Advantages of Utilizing a Debt Collection Attorney
As an attorney who works in commercial collections, I believe every business should have an internal process for making initial attempts to collect outstanding accounts. A key element of those processes, however, is knowing when to hand over collection efforts to a collections attorney. Once the initial attempts prove to be ineffective with a particular debt, there are several reasons why it is a good idea to pursue professional, legal help.

First and foremost, there are Federal and state laws that provide protection to consumers by regulating the efforts that can be made in collecting debts. Attorneys are in the business of knowing the law and the consequences for violating it. It is far more efficient to rely on a professional who is familiar with the laws related to debt collection than to use time that should be spent focused on growing and bettering your business than figuring out which laws could affect your collection attempts. It will also give you peace of mind to know that you won't be unintentionally violating the law and opening yourself up to potential claims from debtors.

Additionally, experienced collections attorneys have knowledge and access to tools that the average small business owner does not possess. This knowledge allows them to evaluate each collections issue you have, determine the assets available to secure collection and develop a plan for the most effective options for recovery. For example, they know how to trace assets that the debtor may have hidden. A collections attorney will be able to communicate to a debtor all of the pre-suit and post-judgment options available to your business to secure payment from them, convincing the debtor that it is in their own best interest to pay their debt. In situations where the debtor is not convinced, the attorney will be able to follow-through with utilizing those options.

Finally, collection attorneys are usually able to get your money more quickly than when you use self-help methods. When a letter appears bearing the name of an attorney, most people become afraid that they will encounter legal action, and that fear leads to you getting payment more quickly.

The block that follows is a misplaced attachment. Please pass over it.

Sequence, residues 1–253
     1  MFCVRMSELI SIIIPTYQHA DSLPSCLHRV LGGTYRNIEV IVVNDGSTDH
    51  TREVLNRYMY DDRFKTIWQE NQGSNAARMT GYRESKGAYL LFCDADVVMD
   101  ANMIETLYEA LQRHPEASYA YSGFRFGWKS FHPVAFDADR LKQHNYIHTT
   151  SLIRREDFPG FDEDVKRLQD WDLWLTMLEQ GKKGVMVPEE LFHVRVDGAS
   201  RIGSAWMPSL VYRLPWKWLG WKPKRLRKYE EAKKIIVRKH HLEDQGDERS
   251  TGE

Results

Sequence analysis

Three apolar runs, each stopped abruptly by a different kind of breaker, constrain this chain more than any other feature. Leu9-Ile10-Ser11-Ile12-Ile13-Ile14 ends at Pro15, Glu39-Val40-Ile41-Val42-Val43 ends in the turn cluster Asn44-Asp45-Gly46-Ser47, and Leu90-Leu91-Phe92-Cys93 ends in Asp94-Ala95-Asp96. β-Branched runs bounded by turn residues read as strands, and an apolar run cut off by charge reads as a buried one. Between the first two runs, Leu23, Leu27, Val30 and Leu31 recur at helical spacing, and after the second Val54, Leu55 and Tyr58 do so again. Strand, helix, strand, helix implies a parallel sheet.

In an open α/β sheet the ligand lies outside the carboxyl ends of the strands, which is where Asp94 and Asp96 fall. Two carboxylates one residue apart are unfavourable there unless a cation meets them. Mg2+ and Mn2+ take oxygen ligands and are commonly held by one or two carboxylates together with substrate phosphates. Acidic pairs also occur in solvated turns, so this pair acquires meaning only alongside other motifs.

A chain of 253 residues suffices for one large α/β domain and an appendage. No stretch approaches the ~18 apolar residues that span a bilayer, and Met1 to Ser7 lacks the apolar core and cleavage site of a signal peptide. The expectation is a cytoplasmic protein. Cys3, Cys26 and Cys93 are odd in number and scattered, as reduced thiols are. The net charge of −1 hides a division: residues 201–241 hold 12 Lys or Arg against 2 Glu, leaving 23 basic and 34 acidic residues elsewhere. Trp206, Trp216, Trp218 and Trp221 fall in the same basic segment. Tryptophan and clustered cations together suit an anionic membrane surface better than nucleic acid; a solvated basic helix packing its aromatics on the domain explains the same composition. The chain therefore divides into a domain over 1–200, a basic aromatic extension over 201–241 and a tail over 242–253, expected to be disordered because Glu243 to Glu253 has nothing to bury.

Why an Attorney and Not a Collection Agency?
The foremost concern of most small business owners when considering ways to effectively collect their past-due accounts is cost. This is why so many attempt collections on their own. Most collection agencies work on a contingency basis, meaning they keep a portion of the debt they collect, regardless of the amount of time and effort they expend in collecting that debt. While this approach may seem appealing to business owners because of the lack of up-front investment, this model can cause businesses to unnecessarily give up a significant portion of the amounts they are attempting to collect. Collection agencies are limited in the options they have for collection: usually they will only send letters and make phone calls. If they are successful in collecting a debt, they receive the agreed percentage even if they put in minimal effort. Using an attorney, however gives the client has more control over the cost they are willing to expend to collect each specific debt they are owed. If the attorney is successful in collecting a debt with minimal effort, the business will retain more of the funds it is owed.

As mentioned above, collection agencies are very limited in the actions they can take on your behalf, which makes their collection efforts less effective. By the time you are seeking assistance to collect a debt, you have likely already sent several letters and made multiple telephone calls to the debtor. The likelihood that a collection agency will be more effective with letters and phone calls than you were, is not high. Additionally, the more ineffective attempts at collection are made, the longer the debtor has to potentially restructure or hide assets. Debtors tend to take communications from attorneys more seriously, because they come with the possibility of legal action and the ability to follow-through with bringing a suit if necessary.